On Saturday 6th November I was honored by the IABMA with their award for Close-Up Magician of the Year for 2016.
The International Association of Black Magicians – YES, you read that right, an association created by Black People in the arts has held its Inaugural World Summit event in the city of Indianapolis. This city is famous for its Indy 500 Speed Racing event- think Formula 1 with an American twist.
The image above features the classic 1959 Cummins Diesel Sports Car used in The Indy 500.
The IABMA is an initiative created by IBM President Kenrick “Ice” McDonald a very dynamic magician, entertainer and entrepreneur. Along with Tevell Rose, Randy Shine, Rory Rennick, they have created a world’s first – an organisation that speaks to the needs of black performing artist around the world.
I first heard of The IABMA earlier this year when I received an email notifying me about their Inaugural Summit Conference and that I had been nominated to receive their award for Close-up Magician of the Year 2016. My name was shortlisted along with Kevin Bathea, Eric Jones, Ben Barnes and George Bradley.
When I first read this news I was surprised and delighted on many level. Firstly, this organisation was the fulfillment of 11 years of planning, the award nominations was a big compliment to me because this was an acknowledgement of my work. After receiving this email, I must be honest, I gave it no further thought because I live in the U.K., this conversation is based in the USA plus the fact this group of magicians are among the worlds finest so whoever receives this award would have been a worthy recipient.
I got on with my life, traveling, presenting my lectures and seminars around the world. One day I received an email from Kenrick alerting me to the fact that The IABMA were holding their first Conference in Indianapolis. I decided to attend this event. My reason for doing so would mean that I could meet old friends, network and build new relationships with Magicians in the US Black Community – I made the right choice.
This event surpassed my expectation, I thoroughly enjoyed the experience and it fulfilled my intention of meeting old and creating new friends. A number of delightful things occurred during the conference, which will stay with me for the rest of my life.
The event keep kicked off at 4pm on the Friday afternoon. Kenrick facilitated the introduction, he mentioned the fact I had traveled 4000 miles to be there which was very nice and well received by the Black Delegation.
The Magicians who appeared and presented where Marcus Eddie, Eric Anderson, Kevin Bathea, and Rory Rennick.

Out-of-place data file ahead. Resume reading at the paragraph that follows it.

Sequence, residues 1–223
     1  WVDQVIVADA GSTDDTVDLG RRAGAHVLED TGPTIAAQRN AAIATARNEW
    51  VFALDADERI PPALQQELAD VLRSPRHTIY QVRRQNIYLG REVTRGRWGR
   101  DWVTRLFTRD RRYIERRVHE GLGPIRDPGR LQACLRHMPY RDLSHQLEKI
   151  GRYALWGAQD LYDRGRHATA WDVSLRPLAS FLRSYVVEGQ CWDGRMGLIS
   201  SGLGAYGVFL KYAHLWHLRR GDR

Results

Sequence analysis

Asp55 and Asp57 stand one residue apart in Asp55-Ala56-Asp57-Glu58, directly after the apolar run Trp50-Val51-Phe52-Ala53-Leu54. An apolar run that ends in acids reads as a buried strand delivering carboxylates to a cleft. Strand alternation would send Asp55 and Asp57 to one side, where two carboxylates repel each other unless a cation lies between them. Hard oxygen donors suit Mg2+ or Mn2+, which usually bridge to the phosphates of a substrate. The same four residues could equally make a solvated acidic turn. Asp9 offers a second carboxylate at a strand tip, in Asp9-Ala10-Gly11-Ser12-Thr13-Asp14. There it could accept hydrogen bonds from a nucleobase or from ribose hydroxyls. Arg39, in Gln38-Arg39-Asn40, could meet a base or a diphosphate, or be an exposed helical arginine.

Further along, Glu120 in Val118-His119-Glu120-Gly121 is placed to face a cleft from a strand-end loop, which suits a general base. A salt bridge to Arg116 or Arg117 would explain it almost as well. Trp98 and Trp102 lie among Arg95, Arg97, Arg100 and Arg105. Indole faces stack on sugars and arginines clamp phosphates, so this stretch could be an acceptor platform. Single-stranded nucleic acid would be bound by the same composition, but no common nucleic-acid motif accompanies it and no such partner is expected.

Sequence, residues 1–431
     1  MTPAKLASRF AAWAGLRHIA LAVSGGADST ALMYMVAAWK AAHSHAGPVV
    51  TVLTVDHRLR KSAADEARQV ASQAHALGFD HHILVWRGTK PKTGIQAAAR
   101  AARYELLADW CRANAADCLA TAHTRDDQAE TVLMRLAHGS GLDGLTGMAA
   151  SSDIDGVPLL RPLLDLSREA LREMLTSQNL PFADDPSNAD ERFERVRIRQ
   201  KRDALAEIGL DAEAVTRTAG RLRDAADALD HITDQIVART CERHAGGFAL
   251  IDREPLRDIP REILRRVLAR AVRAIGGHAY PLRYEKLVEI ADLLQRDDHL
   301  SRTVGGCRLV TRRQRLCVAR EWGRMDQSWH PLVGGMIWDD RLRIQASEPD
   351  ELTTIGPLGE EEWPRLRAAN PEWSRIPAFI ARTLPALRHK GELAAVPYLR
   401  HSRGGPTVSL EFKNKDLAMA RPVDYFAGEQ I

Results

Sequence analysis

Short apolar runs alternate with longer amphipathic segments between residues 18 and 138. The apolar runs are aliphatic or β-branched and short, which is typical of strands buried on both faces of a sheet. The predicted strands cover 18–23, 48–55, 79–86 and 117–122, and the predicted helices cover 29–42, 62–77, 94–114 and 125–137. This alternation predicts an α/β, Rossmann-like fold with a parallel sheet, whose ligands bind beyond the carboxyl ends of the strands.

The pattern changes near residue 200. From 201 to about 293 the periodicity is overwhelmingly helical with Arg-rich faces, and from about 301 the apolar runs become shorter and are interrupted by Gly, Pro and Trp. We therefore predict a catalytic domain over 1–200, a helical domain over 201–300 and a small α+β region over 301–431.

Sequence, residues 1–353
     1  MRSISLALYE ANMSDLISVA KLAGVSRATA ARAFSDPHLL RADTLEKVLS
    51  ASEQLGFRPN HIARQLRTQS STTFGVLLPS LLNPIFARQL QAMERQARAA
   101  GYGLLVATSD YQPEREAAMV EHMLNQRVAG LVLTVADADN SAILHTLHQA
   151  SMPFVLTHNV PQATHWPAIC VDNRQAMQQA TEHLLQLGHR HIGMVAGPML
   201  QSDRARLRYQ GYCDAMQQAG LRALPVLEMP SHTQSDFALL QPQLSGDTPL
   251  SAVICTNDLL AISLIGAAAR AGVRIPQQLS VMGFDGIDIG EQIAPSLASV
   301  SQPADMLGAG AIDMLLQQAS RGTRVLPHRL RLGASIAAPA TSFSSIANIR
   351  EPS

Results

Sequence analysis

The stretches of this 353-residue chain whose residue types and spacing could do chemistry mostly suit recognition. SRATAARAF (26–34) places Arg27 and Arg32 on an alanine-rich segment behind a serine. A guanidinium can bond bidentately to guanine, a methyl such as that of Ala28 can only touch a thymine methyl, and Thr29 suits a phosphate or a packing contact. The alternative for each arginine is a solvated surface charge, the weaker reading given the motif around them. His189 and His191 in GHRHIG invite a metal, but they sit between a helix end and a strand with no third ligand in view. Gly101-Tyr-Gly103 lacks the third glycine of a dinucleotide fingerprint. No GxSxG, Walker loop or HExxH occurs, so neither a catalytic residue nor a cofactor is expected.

One of the big conversations we had was about magic, the arts and what it means to be Black Performers in the world today. This conversation was confrontational by its very nature, the fact that this event was put on by Black Performers is an indication that we as professional performers have a voice that needs to be heard, recognised and acknowledged. While I am deaf, I felt very well supported by the people I was sat next to. They used their iPhones and whispered in my ear the contexts of each conversation, so I was able to contribute my point of view and personal experience of being a Black Magician in a white dominated world.
I will just paraphrase one of my contributing thoughts;
“I feel is important now for us as Black Magicians and Performing Artists to really take full responsibility for our own success and progress. While it may be very difficult and challenging for us to be accepted in the mainstream community, the fact of the matter is, it is a real privilege for me to be in a room full of talented magicians of my own kind. The fact that I have traveled 4000 miles to be here is indicative of how much love and respect I have to you all. Some of you are friends of mine and we go back a long way. Many of you will become new friends and this collective will continue to rise, and support each other in the months and years to come”.
As this conversation continued, an interesting point about racism was brought up. When this was mentioned to me, I immediately put my hand up which was acknowledged by our facilitator Kenrick. When it was my turn to speak, I said;
“Racism in the arts is here to stay. We cannot control the thoughts and feelings of other people; the only thing we can control is our response. This is easier said than done. As Black People we’ve been conditioned to fight back against the slightest provocation against the colour of our skin. Racism is not exclusive to you in the United States; this is a global issue against any minority that doesn’t fit into the mainstream scheme of things. As Black People, our response says more about us while the provocation, says a lot about the provocateur. It takes two to tango and how we choose to respond will be our enduring legacy”.
I was very proud to receive the award of Close-up Magician of the Year by The IABMA. Being at this event has expanded my appreciation of what we as Black people have contributed to the world, not just the arts or sport.
In closing, I must acknowledge my mentor Alan Alan, a white Jewish man. We spoke about the race issue a lot during the early years and he said to me; “don’t worry about Racism, just do your magic well and impeccably, you will render the audience colour blind for short while, when you are finished, they will have to deal with the fact they were fooled by a gentleman who is BLACK”
For further information on the International Association of Black Magicians click here